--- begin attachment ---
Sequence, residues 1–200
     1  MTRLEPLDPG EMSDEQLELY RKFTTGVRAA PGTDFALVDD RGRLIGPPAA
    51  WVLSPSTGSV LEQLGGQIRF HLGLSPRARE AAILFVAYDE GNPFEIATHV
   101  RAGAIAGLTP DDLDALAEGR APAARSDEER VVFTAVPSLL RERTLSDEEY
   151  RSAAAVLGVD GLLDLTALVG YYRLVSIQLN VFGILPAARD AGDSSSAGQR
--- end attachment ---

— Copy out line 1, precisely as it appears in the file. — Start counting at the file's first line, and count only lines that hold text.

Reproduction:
Sequence, residues 1–200